Diving deeper into DISC is a smart strategy for anyone who wants to improve their communication skills and understanding of others in the workplace.
Let’s look at the D of DISC, Dominance, and the pros and cons of high D scores (Direct communicators) and low D scores (Reflective communicators).
What is Dominance?
This factor measures how someone handles problems and challenges
What Does High D (Direct) Mean?
Direct communicators are ambitious, forceful, decisive, strong-willed, independent, and goal-oriented. They tend to seek out leadership positions and enjoy clear, brief conversation and facts and details over-enthusiasm. In general, they prefer to get to the point as quickly and concisely as possible.
What Are the Pros of a High D Score?
Direct communicators are go-getters. If you want a visionary who can make decisions and get stuff done, High Ds are your best bet.
They are skilled at engaging others through questioning and can get to the heart of an issue efficiently by harnessing the power of their creative and active minds. They are driven by solutions and results, which can result in a highly productive environment if directed effectively.
What Are the Cons of a High D Score?
All of these traits combined make High Ds excellent leaders and high-achievers, but they can overwhelm others with more relaxed styles.
Direct communicators have a tendency to bulldoze conversations. They might not be adept at reading the verbal cues of others and have a tendency to embrace a ‘my way or the highway’ approach when it comes to making decisions. Since they want to move forward quickly and get results as rapidly as possible, they can ignore the need to slow down and pay attention to details.
Solution: Sell, Don’t Tell
High Ds can improve communication and compensate for their quick impulses by digging into the listening process. Taking a ‘sell, don’t tell’ approach just means that you work on convincing others of your point of view instead of dictating it to them as a fact.
As a High D, we know that you enjoy concise, convincing communication— you want others to prove that they know what they’re talking about when they suggest action or solutions. Focus on doing just that when communicating with others!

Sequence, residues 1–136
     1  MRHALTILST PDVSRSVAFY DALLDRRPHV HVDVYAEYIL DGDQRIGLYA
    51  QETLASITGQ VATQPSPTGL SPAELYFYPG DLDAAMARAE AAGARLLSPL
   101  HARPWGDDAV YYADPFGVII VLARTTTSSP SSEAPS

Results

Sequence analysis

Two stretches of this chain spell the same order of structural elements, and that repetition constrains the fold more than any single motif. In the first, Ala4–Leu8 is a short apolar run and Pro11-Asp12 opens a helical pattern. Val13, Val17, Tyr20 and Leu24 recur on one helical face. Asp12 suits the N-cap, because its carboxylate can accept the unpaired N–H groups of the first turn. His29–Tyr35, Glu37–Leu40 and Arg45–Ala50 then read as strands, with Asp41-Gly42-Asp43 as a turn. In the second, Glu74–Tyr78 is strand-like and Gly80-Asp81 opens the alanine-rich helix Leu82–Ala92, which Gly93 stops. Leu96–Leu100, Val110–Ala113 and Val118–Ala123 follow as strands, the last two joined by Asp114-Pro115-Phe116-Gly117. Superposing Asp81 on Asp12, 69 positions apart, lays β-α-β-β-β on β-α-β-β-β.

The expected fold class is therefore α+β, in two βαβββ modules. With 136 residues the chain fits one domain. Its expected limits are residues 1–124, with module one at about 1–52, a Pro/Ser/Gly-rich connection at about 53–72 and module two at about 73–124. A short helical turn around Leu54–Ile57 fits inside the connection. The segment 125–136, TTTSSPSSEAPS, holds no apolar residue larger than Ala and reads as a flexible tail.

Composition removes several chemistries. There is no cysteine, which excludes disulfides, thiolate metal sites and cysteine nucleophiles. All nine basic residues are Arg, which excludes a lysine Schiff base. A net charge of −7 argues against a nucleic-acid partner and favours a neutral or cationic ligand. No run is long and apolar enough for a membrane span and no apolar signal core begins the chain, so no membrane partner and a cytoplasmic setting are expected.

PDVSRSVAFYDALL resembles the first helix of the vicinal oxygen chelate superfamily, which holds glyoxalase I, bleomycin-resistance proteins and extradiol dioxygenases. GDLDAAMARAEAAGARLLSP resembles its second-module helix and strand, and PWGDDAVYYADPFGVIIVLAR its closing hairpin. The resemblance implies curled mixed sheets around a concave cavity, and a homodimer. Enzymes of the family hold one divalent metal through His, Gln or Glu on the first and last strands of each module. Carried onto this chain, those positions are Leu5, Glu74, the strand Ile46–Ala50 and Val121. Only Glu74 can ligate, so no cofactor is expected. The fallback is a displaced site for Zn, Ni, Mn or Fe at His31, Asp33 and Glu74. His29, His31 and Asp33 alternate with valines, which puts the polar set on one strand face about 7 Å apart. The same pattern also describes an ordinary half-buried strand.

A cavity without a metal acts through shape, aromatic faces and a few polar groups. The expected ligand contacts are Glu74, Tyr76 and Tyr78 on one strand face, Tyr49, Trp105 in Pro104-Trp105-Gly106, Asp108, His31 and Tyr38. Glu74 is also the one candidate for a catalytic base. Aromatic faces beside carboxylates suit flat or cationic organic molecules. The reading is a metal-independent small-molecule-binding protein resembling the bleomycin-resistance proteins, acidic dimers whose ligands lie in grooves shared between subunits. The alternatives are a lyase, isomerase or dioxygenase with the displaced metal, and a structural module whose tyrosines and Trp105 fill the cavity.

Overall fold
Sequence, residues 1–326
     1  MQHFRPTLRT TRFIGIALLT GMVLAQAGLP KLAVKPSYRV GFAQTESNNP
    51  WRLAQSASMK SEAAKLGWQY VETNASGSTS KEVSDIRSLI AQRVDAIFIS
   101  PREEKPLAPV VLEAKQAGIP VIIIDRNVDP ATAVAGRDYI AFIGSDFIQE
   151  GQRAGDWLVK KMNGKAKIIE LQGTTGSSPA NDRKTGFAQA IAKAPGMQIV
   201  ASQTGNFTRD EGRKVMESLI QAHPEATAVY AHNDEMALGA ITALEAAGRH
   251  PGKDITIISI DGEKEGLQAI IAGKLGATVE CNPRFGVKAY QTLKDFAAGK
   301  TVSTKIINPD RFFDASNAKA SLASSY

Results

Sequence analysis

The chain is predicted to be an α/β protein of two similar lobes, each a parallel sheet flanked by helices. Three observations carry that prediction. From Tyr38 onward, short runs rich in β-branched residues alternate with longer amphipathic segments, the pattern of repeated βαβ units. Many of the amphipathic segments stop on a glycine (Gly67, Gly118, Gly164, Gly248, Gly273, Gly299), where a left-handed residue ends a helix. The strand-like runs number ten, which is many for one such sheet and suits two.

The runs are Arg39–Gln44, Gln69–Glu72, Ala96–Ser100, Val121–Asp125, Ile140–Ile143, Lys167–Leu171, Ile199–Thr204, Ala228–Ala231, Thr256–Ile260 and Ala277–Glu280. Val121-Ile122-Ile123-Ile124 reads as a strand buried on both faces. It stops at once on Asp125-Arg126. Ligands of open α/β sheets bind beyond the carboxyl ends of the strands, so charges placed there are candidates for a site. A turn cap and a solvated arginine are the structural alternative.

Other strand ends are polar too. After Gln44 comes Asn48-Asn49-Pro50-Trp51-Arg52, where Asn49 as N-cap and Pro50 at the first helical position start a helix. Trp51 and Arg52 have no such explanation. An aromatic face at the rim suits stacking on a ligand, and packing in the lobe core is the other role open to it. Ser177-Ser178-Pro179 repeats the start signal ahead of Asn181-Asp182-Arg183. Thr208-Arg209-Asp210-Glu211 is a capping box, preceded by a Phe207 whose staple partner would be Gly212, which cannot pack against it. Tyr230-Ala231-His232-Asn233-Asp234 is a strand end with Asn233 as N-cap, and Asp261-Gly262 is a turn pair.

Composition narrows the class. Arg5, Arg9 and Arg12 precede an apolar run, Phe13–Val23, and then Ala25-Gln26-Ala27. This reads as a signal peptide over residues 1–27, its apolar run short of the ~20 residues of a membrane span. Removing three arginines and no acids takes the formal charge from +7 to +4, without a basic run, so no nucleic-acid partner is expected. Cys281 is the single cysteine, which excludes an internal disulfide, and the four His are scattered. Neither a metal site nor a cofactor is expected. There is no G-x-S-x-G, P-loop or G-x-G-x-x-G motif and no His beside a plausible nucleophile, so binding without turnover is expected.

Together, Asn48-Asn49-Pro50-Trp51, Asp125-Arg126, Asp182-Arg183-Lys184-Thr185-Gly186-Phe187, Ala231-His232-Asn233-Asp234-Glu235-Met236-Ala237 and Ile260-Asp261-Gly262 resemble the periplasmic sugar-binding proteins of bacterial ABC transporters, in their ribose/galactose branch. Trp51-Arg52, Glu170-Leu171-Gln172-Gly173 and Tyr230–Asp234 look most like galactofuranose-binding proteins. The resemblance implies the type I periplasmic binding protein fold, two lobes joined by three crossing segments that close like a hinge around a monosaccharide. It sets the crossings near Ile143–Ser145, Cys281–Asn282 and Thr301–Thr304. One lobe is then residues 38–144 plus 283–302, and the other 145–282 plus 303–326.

What Does Low D (Reflective) Mean?
Reflective communicators are cooperative, low-key, modest, and mild. They tend to engage people by being agreeable and outcome-focused, and prefer clear, precise and thorough communication.
What Are the Pros of a Low D Score?
People with a low D score thrive on a team and are wonderful teammates. Their low-key approach, friendliness, and dedication to making things work ensure their teammates have support they need to complete projects.
Reflective communicators are also great listeners and can help others to fully think through a process before diving in.
What Are the Cons of a Low D Score?
While low Ds are great teammates, their passive and cautious demeanors can disengage others who prefer more direct communication. They also might hide their true feelings with friendly terms and indirect criticism. That can lead to confusion and misunderstanding on the team.
Reflective communicators can also hesitate when starting projects— their ability to weigh pros and cons and consider different points of view is great for planning but not always entirely helpful for execution.
Solution: Adapt to Others
Since low Ds want the least amount of conflict possible, they can greatly benefit from adapting their preferred styles to those of the people they’re communicating with. While this can feel uncomfortable, especially if they’re working with a more aggressive communicator, by matching their energy they will keep the other people engaged.
This adaption plays into the strengths of Reflective communicators; they can harness the power of their listening skills and preference to reduce conflict and encourage productivity.
Moving Forward With Better Communication
No matter where your Dominance score falls, you can benefit from learning more about your own communication style and the behavior of those around you.